Recognition of the diversity of conservation has two important implications for the future of the conservation movement. Firstly, it challenges the view of those who have argued for an end to internal debates over the meaning of conservation in favour of ‘a unified and diverse conservation ethic; one that recognizes and accepts all values of nature, from intrinsic to instrumental, and welcomes all philosophies justifying nature protection and restoration, from ethical to economic, and from aesthetic to utilitarian’ (Tallis & Lubchenco, 2014). This sounds good and might be pragmatic when speaking to diverse audiences, but if conservation is not one thing but many then attempts to fold them into a single movement under the banner of inclusivity seem unrealistic in practice, and potentially stifling of debate over what are real and meaningful differences of opinion.
Secondly, it raises the question of which version(s) of conservation thinking different conservation organizations and individuals actually subscribe to. It is remarkable that so much energy has been invested in efforts to characterize and champion particular forms of conservation without asking conservationists themselves whether they recognize these positions and/or agree with them. This is an area ripe for further empirical research.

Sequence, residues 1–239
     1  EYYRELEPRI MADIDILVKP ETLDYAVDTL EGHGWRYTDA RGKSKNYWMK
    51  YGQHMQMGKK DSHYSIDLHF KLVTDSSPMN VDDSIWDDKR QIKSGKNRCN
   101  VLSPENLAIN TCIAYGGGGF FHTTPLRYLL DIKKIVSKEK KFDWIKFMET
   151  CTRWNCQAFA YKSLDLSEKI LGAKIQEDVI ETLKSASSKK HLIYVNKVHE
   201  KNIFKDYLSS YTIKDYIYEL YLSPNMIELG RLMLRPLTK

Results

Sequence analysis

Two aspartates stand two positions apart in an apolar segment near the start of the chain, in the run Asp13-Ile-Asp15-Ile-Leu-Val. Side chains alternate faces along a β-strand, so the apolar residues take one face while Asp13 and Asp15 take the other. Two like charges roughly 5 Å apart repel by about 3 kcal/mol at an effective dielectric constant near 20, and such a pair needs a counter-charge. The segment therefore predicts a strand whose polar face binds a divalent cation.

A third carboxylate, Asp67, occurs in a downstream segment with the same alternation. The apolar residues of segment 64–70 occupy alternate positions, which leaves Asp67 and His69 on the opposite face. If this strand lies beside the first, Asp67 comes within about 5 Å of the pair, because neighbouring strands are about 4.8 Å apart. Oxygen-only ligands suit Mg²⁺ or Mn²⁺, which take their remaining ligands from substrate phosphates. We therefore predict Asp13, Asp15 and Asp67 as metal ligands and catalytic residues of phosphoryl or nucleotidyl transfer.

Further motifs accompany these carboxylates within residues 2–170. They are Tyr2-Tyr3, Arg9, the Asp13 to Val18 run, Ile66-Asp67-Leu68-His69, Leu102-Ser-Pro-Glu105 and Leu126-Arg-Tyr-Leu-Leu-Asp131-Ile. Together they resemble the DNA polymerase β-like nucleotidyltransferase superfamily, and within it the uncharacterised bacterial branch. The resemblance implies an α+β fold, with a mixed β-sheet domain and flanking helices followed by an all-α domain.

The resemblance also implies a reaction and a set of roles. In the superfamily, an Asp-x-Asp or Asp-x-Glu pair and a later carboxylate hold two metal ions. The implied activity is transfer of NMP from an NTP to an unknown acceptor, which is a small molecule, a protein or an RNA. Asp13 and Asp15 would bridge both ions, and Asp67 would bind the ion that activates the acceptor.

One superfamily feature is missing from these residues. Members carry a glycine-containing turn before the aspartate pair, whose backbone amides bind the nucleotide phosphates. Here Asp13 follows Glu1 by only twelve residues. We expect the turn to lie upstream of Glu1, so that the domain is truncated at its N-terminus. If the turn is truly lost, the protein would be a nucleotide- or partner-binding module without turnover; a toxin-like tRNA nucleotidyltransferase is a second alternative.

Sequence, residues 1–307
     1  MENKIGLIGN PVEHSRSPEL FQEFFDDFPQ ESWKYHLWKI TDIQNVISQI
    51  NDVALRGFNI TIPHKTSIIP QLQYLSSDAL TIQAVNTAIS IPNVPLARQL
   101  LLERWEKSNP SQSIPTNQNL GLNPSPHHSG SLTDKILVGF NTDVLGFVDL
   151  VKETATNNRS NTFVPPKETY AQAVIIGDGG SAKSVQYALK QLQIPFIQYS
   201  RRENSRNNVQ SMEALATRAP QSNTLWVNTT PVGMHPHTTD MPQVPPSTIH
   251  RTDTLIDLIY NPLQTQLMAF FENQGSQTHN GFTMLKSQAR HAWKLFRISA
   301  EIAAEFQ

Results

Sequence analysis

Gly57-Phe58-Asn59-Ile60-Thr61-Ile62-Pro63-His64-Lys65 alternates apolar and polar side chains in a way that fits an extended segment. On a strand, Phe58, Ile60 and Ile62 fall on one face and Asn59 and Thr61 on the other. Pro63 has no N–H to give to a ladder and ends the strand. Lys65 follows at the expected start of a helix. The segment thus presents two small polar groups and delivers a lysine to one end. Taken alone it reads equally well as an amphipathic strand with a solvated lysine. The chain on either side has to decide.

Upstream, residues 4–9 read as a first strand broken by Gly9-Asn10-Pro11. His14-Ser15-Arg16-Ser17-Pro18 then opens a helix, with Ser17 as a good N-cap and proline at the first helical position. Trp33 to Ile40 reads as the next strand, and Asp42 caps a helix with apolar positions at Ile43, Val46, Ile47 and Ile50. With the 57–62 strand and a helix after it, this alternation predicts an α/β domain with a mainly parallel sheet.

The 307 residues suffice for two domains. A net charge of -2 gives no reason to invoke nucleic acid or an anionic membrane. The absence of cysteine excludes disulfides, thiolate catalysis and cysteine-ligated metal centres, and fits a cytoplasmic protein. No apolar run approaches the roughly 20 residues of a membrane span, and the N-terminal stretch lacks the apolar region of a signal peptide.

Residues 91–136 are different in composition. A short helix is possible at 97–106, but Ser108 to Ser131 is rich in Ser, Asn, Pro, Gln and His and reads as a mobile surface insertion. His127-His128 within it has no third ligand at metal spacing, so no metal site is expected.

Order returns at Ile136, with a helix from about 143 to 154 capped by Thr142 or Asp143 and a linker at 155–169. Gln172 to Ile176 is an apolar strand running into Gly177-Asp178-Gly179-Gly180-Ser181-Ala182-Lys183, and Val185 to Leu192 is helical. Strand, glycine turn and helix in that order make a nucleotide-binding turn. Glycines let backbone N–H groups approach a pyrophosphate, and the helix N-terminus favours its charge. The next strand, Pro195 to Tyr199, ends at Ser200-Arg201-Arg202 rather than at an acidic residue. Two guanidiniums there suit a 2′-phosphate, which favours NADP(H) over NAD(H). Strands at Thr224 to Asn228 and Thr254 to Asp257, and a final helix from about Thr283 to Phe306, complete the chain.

The new conservation debate has been a source of frustration for many conservationists who see it as divisive and dichotomizing. However, it highlights the fact that conservation in the 21st century is such a broad movement that it resists straightforward definition and is riddled with contradictory values and viewpoints. Given this situation, it is tempting to argue that the word conservation (with its backward looking and conservative connotations) should be jettisoned altogether. But it is a deeply embedded and widely recognized label for those who care about nature, and here to stay. Rather, it might make sense for those with closely aligned values and preferred means of action to come up with titles and definitions for their own form of conservation. The resulting conservations would then fit (sometimes uncomfortably) within the broader singular category of conservation. In this vision conservation becomes a forest rather than a single tree—a parliament not a corporation.
This might appear an admission of failure, as the orthodox view has been that conservation is strengthened by presenting a united front to the outside world because a ‘patchwork approach to conservation synergizes its ineffectiveness’ (Child, 2009). However, it could instead be seen as a sign of maturity as conservation grows in scale and influence. In this vision, different (and sometimes contradictory) perspectives could be promoted unashamedly by those who support them rather than swept under the carpet. This would make it easier for conservationists to identify who they would, or would not, like to work with, and enable niche forms of conservation to get on with their work without worrying about undermining the integrity of the conservation movement as a whole. There are many conservations, and it is time to stop pretending otherwise.
I am grateful to Bill Adams and Martin Fisher for helpful comments.